La Girafe Couture collaborates with Quebec food retailer IGA in its marketing campaign "Don't forget your mask"La Girafe Couture is proud to have conceived and made the masks that were sent to the lucky winners of the contest organized by Quebec food retailer IGA in its marketing campaign "Don't forget your mask" launched this summer to raise awareness about the need to be wearing a mask.
Some customers have asked us why do we use flannel in our face masks.
In this blog, we share the conclusions of a scientific study that was conducted on various materials used in cloth face masks.
Face masks are becoming a part of everyday life. They're now required in public indoor spaces and on transit in many cities in Canada and the entire provinces of Quebec and Nova Scotia. (Graham Hughes/The Canadian Press)
This article provides answers to practical questions such as:
Is it safe to pull down my mask and keep it under my chin?
What's the best way to stow a mask while on the go?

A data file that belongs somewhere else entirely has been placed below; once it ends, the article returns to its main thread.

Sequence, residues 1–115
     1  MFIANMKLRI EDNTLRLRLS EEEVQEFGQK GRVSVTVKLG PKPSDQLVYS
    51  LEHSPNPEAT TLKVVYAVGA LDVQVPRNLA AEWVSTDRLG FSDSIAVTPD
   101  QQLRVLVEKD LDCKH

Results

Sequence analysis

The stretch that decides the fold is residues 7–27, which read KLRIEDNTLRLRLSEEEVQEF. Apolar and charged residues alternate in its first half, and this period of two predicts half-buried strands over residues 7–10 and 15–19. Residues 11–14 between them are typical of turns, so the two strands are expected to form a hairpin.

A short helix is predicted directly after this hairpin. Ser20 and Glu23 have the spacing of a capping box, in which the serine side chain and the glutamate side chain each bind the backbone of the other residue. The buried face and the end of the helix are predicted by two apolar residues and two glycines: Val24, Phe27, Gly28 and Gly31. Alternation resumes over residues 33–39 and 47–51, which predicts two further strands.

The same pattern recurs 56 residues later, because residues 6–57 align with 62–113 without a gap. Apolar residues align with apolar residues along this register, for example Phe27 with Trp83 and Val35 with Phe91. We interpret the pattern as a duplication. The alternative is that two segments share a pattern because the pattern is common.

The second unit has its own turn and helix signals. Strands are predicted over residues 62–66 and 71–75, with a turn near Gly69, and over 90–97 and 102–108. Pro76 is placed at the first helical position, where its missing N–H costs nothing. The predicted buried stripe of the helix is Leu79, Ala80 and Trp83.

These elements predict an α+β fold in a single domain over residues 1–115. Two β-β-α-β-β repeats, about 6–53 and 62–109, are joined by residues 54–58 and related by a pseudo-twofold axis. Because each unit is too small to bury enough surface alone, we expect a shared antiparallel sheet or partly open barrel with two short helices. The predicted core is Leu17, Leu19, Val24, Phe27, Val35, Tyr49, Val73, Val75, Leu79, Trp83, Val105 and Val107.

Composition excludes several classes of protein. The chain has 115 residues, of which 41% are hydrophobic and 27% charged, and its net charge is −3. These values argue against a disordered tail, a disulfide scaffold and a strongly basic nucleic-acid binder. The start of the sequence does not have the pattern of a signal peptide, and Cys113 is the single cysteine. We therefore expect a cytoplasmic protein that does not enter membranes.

Effective now, masks are mandatory in indoor public spaces across the province. The new measure is kicking in as Quebec witnesses a slow but steady increase in the number of COVID-19 cases
"It's better to wear a mask than to be confined at home," said Premier François Legault as he made the announcement last Monday.
"It's not fun wearing a mask, but it's essential."
The regulation applies to everyone aged 12 and up, although Legault said even children as young as two could be encouraged to wear a mask — either a certified medical face covering or a handcrafted one, as long as it covers the nose and mouth.
Here are the answers to some of your questions about when exactly the rules apply and how they will be enforced.
A new study shows just how well face masks stop the spread of droplets from coughs or sneezes. Researchers at Florida Atlantic University tested four types of masks: a bandana, a folded handkerchief, a cone mask and a homemade cotton mask. CNBC’s Andrea Day reports on their findings.
Currently in Montreal, masks are only mandatory in one suburb, Cote-Saint-Luc, where the rule went into effect last week. They will become mandatory on public transit on July 13, though there will then be a two-week grace period, and enforcement will also begin July 27.
Other Canadian cities have also moved recently to make masks mandatory, though with shorter delays. On Monday, the City of Ottawa announced that masks will be required as of 12:01 a.m. Tuesday, just a few hours later.
Toronto announced on June 30 that it was giving about a week's notice before masks would become mandatory starting July 7, the same day as Ottawa.